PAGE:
This week's book giveaway is in the OO, Patterns, UML and Refactoring forum. We're giving away four copies of Refactoring for Software Design Smells: Managing Technical Debt and have Girish Suryanarayana, Ganesh Samarthyam & Tushar Sharma on-line! See this thread for details.
It is true that the IE browsers seems to be the slowest in adopting the evolving HTML5 standards although their latest has made headway. There is a bit of light around this cloud however. Google has something called ChromeFrame http://www.google.com/chromeframe that can modernize the older IE browsers so they can understand HTML5.
Noone can say that IE doesn't work with HTML5 and noone can say that IE works with HTML5. HTML5 it's not a one big tool, it's a toolset of different objects and properties that provide new/awesome functionality to our browsers. IE9-IE10 supports a lot of those new HTML5 features. To found out if your browser supports one of HTML5 features you can make manual test or use special lib for example as Modernizr for tests. Also there are special libs to make your old browser (I think even ie6) a better one, so it will understand new html5 tags and even some js functionality.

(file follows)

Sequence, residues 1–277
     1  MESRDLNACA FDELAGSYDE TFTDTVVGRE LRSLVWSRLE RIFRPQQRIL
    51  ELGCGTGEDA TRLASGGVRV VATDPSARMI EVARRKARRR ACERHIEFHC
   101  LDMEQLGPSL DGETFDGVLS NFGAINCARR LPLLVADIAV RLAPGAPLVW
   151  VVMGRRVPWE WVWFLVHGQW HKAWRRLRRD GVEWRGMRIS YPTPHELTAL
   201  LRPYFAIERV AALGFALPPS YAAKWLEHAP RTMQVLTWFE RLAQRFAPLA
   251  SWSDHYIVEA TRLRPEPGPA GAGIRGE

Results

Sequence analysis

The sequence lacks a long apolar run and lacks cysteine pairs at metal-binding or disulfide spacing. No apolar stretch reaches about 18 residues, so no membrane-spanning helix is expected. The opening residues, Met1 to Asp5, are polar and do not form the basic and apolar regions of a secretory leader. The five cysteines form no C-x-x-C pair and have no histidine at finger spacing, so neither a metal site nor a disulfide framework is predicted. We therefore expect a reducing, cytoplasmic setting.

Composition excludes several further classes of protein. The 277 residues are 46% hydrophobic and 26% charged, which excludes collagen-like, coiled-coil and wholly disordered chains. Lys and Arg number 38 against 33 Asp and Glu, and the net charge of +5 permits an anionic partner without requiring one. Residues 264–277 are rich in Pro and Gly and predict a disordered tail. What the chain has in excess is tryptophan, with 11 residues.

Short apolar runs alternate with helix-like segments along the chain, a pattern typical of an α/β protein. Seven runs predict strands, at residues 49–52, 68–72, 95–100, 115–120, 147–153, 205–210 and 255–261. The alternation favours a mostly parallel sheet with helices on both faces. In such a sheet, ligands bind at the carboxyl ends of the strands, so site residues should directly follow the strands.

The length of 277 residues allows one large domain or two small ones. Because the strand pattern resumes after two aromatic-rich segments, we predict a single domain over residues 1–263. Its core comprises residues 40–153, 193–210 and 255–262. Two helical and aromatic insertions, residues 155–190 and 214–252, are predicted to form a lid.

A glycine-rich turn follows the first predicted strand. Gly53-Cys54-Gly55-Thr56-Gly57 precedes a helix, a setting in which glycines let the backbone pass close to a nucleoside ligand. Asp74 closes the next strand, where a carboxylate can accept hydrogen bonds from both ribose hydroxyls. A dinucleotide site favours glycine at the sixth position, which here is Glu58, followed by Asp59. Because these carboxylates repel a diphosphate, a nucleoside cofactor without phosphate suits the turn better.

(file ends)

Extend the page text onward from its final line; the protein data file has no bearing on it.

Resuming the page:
HTML5 is designed to be backwards compatible as possible. Every valid HTML4 document is also a valid HTML5 document, so in that sense IE supports HTML5. What people usually mean when they say "Internet Explorer doesn't work with HTML5" is one of two things.
Commonly they mean that IE8 doesn't support the new HTML5 elements such as <article> and <footer>. Since these elements have no actual functionality defining whether they're supported or not is a bit of a non-issue apart from the fact that IE8 and earlier have a bug which prevents any CSS being applied to an unknown element. There are well know workarounds for this (and it's covered in chapter 1 of Hello! HTML5 and CSS3).
The other thing they may mean is that IE doesn't support all HTML5 features, and that's true, but it's also true for every other browser. There is great competition among browser vendors today to get all the new stuff implemented (and this is a good thing).
CSS3 is also backwards compatible in most cases. Valid CSS2 is also valid CSS3. It is often possible to us jQuery or a similar library to add classes in the markup in browsers, such as IE8, which don't have good support for the new stuff in CSS3 (and this is discussed briefly in chapter 7 of Hello! HTML5 and CSS3).
Yes. I don't believe we'll see wide adoption of IE10 until the Windows 7 version is released. There'll still be a significant user base of IE8 and IE9 users, especially inside corporate firewall, until Windows XP and Vista fade into history.
Having said that, although IE8's HTML5 support is poor compared to current Chrome, Firefox and Opera, it does still have some support for HTML5.